NEW YORK (MainStreet) Sure, wealthy investors make mistakes the same mistakes we all do, but they're still rich. Perhaps learning from these investing blunders and not repeating them -- or seeking help from an objective advisor, makes the difference. In a global survey of 880 high net worth clients, the deVere Group found nearly one quarter (23%) admitted their biggest prior investing mistake was failing to diversify their portfolio adequately.
"Spreading your money around is a vital tool to manage risk," says Nigel Green, deVere's founder and chief executive. "However, it must be used correctly. Diversification will only add real value if the new asset has a different risk profile."
Those surveyed each had more than $1.5 million in investable assets.
"Interestingly, there are minimal differences between the top five most common investment mistakes previously made by high-net-worth individuals," Green notes. "This close weighting could suggest that, according to the respondents, all of them are almost equally as significant and costly and therefore must be avoided."
The other past mistakes wealthy investors admitted include:
- Investing without a plan (22%) -- "Anyone who has an investment plan can expect their portfolio to outperform those without a plan," Green says. "To my mind, unless you have a sound investment plan, you are gambling, not investing."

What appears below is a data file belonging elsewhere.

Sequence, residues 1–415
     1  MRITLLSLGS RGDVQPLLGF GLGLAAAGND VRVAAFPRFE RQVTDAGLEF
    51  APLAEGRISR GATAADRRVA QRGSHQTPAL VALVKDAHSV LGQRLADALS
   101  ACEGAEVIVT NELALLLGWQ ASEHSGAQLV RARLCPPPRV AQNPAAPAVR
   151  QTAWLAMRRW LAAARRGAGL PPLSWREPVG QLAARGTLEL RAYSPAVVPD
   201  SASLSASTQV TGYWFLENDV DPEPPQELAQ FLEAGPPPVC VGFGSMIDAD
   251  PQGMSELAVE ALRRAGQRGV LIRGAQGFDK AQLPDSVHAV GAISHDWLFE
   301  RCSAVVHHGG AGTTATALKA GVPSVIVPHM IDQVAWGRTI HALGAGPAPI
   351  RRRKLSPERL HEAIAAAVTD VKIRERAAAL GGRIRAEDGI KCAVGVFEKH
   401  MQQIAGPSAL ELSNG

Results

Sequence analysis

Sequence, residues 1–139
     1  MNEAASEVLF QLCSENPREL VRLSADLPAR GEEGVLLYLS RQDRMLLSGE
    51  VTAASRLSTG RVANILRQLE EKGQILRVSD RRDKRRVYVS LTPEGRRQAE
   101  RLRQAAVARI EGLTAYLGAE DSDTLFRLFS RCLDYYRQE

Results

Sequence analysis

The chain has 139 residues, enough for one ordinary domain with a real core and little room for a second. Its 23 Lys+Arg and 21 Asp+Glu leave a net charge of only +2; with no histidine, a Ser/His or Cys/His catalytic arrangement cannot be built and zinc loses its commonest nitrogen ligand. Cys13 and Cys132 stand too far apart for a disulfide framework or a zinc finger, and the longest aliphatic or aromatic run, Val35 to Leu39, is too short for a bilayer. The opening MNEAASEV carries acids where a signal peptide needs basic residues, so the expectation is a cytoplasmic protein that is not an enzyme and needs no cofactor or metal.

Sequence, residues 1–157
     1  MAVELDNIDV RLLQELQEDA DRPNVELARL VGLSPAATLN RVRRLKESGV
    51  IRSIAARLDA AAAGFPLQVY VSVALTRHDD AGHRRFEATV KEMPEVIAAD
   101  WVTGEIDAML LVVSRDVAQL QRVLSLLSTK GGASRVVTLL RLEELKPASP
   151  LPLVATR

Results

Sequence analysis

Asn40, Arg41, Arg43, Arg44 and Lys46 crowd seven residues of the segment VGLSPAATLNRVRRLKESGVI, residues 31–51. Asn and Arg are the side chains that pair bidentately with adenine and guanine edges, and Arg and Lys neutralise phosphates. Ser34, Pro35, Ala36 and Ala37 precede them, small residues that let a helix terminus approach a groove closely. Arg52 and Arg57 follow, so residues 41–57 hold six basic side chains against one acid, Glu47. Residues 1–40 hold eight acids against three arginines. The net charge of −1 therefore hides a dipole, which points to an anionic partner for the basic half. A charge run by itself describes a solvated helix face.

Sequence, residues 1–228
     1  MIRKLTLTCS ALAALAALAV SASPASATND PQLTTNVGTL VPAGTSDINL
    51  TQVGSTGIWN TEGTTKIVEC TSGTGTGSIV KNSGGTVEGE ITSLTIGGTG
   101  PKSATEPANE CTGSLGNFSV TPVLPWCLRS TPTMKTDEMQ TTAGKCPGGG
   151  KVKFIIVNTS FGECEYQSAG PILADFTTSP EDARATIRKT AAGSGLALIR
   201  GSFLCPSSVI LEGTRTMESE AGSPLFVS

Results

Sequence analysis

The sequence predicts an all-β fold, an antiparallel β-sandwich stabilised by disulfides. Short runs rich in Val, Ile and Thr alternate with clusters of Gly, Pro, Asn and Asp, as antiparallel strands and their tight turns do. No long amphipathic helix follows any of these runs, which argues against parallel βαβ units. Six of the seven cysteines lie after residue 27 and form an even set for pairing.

- Making emotional decisions (20%) -- "Most decisions in life are emotional to some degree, but making excessively emotional decisions can prove deadly when it comes to investments, because they are blighted by prejudices and biases."
- Failing to regularly review the portfolio (16%) -- "This is not surprising as even the best portfolios can go off-target over time," Green says. "Investments need to be reviewed and potentially rebalanced at least annually, preferably more often, to ensure they still deserve their place in the portfolio and that they are still on track to reach your long-term financial objectives."
- Focusing too heavily on the history of an investment's returns (14%) -- "The future investment situation is likely to be different from time-aged averages," Green says. "Past averages may have little bearing on the current environment and therefore the actual returns you receive."
A small group of investors (5%) said their past errors included impatience, investing near the top of the market, adhering to recommendations from acquaintances and poor tax management of their investments.
"Mistakes investing can and do occur it is how they are best avoided, or at least mitigated, that is the key to success," Green says. "Learning lessons from people, like those we polled, who have overcome these common investment mistakes to go on to accumulate significant wealth in the longer-term is a way to reduce costly errors. Avoiding just one of these mistakes and there are many others can literally make the difference between poverty and financial freedom."
--Written by Hal M. Bundrick for MainStreet